Mr Biden went ahead by a margin of 917 votes at 4.30am local time, according to the Associated Press, with more than 99 per cent of the vote counted.
Of the latest batch of 1,843 votes tallied, just over 1,600 or about 87 per cent went to Mr Biden. NBC News estimated that there were around 65,000 ballots still to be counted in the state as a whole.
The new batch of votes came in from Clayton County, a suburb of Atlanta which tends to vote Democrat and which comes under the congressional district held by the late civil rights leader John Lewis.
While several counties paused for the night late on Thursday, Clayton vowed to keep tallying absentee votes until every last one had been reported. The county was seeing roughly 85 per cent of its vote go to Mr Biden, and had 3,500 ballots left to count as of 1.30am local time.
“We're going to stay here until every single absentee ballot is counted,” Clayton County’s supervisor of elections Shauna Dozier told CNN a few hours ago. “We're doing our best to get every vote counted,” she said, while urging patience from those waiting for a result.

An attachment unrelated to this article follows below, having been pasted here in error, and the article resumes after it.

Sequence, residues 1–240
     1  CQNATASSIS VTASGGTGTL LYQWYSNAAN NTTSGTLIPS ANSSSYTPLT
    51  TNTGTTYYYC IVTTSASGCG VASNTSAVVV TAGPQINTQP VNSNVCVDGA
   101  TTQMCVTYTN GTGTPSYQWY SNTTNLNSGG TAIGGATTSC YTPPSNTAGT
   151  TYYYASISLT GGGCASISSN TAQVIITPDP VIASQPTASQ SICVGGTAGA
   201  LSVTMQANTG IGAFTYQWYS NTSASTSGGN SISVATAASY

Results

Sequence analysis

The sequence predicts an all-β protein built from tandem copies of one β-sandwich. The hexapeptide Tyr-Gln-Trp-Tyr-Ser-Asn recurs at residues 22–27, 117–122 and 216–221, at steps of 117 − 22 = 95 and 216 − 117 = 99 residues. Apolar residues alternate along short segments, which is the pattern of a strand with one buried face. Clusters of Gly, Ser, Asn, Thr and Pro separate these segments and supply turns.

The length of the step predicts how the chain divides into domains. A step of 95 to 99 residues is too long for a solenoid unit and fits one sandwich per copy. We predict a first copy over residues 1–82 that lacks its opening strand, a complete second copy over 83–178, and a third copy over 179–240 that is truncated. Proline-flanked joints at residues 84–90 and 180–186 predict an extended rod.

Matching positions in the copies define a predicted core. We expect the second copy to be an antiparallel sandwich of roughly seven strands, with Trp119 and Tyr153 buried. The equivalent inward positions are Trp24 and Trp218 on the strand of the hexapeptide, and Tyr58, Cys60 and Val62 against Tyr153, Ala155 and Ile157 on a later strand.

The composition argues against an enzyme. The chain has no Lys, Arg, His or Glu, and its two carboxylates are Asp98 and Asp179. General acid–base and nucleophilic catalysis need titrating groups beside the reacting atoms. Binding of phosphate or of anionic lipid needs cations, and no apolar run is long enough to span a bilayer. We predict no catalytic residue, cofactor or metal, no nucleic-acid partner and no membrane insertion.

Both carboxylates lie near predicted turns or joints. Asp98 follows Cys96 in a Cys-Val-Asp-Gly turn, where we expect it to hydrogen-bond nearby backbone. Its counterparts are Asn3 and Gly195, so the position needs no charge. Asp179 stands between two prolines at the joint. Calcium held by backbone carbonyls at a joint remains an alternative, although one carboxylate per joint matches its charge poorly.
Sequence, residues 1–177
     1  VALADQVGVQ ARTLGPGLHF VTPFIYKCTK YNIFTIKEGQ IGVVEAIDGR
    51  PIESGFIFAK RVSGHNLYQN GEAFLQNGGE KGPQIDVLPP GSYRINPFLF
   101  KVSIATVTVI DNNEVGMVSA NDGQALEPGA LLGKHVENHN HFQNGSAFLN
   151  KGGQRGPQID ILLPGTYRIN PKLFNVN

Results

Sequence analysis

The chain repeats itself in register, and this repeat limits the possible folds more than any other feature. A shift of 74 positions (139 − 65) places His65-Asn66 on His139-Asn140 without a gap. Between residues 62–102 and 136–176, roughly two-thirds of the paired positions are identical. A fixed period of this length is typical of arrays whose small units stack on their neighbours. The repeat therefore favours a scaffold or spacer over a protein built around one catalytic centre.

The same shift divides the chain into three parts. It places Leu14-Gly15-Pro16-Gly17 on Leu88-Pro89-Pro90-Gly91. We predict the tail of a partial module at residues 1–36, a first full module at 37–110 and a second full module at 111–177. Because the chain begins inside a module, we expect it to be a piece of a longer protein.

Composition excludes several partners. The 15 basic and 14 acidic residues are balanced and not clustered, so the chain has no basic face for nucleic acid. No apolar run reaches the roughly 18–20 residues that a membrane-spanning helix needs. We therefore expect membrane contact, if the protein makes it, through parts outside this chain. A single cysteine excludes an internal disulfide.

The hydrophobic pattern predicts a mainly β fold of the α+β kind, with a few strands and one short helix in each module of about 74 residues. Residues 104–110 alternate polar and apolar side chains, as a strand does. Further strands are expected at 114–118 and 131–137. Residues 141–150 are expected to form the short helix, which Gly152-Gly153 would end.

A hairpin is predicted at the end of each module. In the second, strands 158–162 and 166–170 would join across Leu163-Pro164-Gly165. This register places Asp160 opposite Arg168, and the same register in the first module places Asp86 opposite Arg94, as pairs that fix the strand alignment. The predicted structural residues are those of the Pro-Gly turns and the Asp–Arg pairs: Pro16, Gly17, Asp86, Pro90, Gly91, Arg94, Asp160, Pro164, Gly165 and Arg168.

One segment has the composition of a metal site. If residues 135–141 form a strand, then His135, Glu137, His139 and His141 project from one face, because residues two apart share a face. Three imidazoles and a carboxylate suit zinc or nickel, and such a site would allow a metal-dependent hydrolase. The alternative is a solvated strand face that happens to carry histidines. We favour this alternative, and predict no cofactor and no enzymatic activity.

Georgia would provide enough electoral college votes to take the Democrat above the crucial threshold of 270, if he can hold onto his lead in Arizona. Arizona was declared for Mr Biden early on by several networks, but is now being watched closely.
Election officials say more than 99 per cent of the vote has now been counted in Georgia, with both candidates on about 49.4 per cent of the nearly 5 million votes cast in the state.
Mr Trump won Georgia by a sizeable 5 points in 2016, taking 51 per cent to Hillary Clinton’s 46 per cent.
Georgia has been reliably Republican since 1972, except when a southern Democrat was on the ticket – Georgians sided with native son Jimmy Carter in 1976 and 1980 and Bill Clinton in 1992.
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